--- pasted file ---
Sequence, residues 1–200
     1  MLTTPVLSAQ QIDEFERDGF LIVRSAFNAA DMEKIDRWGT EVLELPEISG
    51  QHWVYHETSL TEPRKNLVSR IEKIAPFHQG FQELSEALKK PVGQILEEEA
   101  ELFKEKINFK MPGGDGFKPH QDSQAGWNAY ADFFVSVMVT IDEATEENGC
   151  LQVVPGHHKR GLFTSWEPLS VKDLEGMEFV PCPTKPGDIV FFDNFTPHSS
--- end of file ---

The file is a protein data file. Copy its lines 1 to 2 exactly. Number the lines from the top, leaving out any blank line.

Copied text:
Sequence, residues 1–200
     1  MLTTPVLSAQ QIDEFERDGF LIVRSAFNAA DMEKIDRWGT EVLELPEISG